Background: Hypovitaminosis C and D are highly prevalent in acute-care hospitals. Malnutrition with regard to these vitamins has been linked to mood disturbance and cognitive dysfunction.
Objective: The objective was to determine whether vitamin C or D supplementation improves mood state or reduces psychological distress in acutely hospitalized patients with a high prevalence of hypovitaminosis C and D.
Design: A randomized, double-blind, active-control clinical trial compared the effects of vitamin C (500 mg twice daily) with those of high-dose vitamin D (5000 IU/d) on mood (Profile of Mood States) and psychological distress (Distress Thermometer).
Results: Vitamin C provided for a mean of 8.2 d increased plasma vitamin C concentrations to normal (P < 0.0001) and was associated with a 71% reduction in mood disturbance (P = 0.0002) and a 51% reduction in psychological distress (P = 0.0002). High-dose vitamin D provided for a mean of 8.1 d increased plasma 25-hydroxyvitamin D [25(OH)D] concentrations (P < 0.0001), but not into the normal range, and had insignificant effects on mood (P = 0.067) and distress (P = 0.45). The changes in mood and distress in the vitamin C group were greater than those in the vitamin D group (P = 0.045 for mood; P = 0.009 for distress).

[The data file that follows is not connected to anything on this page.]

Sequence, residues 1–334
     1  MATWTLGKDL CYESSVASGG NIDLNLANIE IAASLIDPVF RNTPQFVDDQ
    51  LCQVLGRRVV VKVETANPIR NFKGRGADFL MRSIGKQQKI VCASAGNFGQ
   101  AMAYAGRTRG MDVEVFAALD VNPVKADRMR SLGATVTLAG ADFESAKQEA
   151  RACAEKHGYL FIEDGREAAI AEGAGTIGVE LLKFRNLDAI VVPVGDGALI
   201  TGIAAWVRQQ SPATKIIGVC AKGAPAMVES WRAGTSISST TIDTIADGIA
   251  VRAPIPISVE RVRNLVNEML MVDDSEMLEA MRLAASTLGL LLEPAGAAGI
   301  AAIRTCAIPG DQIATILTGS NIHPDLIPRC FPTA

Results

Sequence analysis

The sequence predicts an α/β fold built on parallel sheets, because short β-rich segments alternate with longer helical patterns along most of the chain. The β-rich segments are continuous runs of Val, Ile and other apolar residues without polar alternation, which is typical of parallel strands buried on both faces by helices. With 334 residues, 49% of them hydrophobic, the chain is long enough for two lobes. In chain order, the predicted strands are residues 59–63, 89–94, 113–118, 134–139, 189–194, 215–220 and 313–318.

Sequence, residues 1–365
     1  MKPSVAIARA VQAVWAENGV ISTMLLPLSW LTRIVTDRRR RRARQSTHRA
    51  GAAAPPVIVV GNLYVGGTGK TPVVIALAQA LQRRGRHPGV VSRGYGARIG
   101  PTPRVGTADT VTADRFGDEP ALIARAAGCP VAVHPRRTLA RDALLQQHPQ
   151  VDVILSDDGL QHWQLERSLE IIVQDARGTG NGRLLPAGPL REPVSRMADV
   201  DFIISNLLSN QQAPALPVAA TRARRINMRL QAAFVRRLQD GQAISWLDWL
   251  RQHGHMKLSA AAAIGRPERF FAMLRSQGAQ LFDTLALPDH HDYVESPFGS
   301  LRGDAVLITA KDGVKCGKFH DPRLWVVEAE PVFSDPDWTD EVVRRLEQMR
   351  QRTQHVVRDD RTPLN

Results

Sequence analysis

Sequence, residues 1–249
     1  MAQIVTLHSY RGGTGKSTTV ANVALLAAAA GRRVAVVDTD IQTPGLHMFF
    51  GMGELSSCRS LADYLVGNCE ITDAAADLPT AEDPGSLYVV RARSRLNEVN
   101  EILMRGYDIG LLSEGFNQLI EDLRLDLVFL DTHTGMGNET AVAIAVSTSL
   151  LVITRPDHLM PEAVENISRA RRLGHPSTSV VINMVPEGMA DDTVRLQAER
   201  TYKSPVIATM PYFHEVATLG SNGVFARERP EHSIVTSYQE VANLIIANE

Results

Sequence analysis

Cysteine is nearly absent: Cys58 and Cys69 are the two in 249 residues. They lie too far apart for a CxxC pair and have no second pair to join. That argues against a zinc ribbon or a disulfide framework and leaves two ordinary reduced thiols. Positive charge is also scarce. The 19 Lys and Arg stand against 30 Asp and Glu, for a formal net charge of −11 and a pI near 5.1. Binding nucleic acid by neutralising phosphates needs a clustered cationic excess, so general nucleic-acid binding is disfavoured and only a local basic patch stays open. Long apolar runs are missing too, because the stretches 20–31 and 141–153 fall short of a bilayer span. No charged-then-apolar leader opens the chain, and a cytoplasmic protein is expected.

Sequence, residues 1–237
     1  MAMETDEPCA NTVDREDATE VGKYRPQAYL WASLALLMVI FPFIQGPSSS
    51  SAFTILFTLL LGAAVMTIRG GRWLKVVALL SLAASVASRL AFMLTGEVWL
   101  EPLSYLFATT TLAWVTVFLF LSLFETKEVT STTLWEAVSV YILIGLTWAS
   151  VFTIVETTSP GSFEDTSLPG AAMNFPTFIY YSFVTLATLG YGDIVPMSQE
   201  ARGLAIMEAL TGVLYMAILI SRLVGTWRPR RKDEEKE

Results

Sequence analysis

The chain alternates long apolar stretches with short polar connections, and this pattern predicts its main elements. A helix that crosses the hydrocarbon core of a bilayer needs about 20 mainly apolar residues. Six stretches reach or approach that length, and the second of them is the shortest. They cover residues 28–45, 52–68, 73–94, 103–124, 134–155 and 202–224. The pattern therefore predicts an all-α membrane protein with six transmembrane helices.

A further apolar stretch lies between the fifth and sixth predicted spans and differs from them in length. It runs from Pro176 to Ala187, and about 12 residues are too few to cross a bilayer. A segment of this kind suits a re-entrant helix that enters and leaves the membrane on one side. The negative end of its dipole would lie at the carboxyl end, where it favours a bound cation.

Conclusions: Short-term therapy with vitamin C improves mood and reduces psychological distress in acutely hospitalized patients with a high prevalence of hypovitaminosis C and D. No conclusion is possible regarding the effects of vitamin D because the dose and duration of therapy were insufficient to raise 25(OH)D concentrations into the normal range. This trial was registered at clinicaltrials.gov as NCT01630720.